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Schizophr Bull. 2011 Mar;37(2):370-80. doi: 10.1093/schbul/sbp066. Epub 2009 Aug 6.

Who benefits from supported employment: a meta-analytic study.

Author information

1
Department of Psychiatry, Royal College of Surgeons in Ireland, Beaumont Hospital, Dublin, Ireland. kiyamamo@iupui.edu

Abstract

AIMS:

This meta-analysis sought to identify which subgroups of clients with severe mental illness (SMI) benefited from evidence-based supported employment.

METHODS:

We used meta-analysis to pool the samples from 4 randomized controlled trials comparing the Individual Placement and Support (IPS) model of supported employment to well-regarded vocational approaches using stepwise models and brokered services. Meta-analysis was used to determine the magnitude of effects for IPS/control group differences within specific client subgroups (defined by 2 work history, 7 sociodemographic, and 8 clinical variables) on 3 competitive employment outcomes (obtaining a job, total weeks worked, and job tenure).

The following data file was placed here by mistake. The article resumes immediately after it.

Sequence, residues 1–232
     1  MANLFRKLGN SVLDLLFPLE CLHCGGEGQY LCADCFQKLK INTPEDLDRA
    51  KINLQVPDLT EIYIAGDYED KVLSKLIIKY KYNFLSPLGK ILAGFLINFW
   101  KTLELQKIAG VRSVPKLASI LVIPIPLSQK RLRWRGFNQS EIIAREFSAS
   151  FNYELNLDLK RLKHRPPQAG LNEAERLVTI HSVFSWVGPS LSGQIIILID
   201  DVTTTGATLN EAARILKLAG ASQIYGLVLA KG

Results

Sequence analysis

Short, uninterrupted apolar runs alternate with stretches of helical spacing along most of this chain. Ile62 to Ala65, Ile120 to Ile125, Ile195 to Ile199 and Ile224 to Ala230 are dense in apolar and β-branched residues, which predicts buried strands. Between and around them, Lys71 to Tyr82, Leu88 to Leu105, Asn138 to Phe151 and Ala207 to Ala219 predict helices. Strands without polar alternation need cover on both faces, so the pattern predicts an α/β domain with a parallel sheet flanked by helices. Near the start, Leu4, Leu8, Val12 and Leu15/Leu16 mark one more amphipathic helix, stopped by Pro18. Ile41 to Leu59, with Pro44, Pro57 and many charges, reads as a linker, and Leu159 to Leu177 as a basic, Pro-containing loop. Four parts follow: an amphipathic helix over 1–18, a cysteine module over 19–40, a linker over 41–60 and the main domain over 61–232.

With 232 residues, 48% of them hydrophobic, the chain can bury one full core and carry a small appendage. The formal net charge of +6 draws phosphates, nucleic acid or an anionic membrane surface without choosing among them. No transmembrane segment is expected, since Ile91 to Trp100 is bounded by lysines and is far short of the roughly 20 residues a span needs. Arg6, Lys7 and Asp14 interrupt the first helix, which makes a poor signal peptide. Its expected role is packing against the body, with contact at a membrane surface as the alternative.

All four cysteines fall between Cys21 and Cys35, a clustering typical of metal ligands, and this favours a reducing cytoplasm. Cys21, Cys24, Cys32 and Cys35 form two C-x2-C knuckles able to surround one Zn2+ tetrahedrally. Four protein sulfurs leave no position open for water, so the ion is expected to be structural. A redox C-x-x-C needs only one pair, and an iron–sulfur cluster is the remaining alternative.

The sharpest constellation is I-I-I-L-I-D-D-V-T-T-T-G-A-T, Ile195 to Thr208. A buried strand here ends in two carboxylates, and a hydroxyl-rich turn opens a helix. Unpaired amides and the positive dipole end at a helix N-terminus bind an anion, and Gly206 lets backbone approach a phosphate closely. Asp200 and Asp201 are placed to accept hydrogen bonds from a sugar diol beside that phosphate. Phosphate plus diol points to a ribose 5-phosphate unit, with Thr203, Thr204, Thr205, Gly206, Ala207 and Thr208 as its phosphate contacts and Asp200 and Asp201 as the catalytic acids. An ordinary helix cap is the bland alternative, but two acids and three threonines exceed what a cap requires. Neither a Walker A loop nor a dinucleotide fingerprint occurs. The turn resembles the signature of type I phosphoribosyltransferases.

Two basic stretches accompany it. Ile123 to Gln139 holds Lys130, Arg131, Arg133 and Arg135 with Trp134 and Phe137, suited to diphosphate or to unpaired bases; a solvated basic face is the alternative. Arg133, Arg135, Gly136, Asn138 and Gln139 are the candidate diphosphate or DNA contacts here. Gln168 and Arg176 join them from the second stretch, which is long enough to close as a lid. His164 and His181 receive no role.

RESULTS:

The findings strongly favored IPS, with large effect sizes across all outcomes: 0.96 for job acquisition, 0.79 for total weeks worked, and 0.74 for job tenure. Overall, 90 (77%) of the 117 effect sizes calculated for the 39 subgroups exceeded 0.70, and all 117 favored IPS.

CONCLUSIONS:

IPS produces better competitive employment outcomes for persons with SMI than alternative vocational programs regardless of background demographic, clinical, and employment characteristics.

PMID:
19661196
PMCID:
PMC3044633
DOI:
10.1093/schbul/sbp066
[Indexed for MEDLINE]
Free PMC Article

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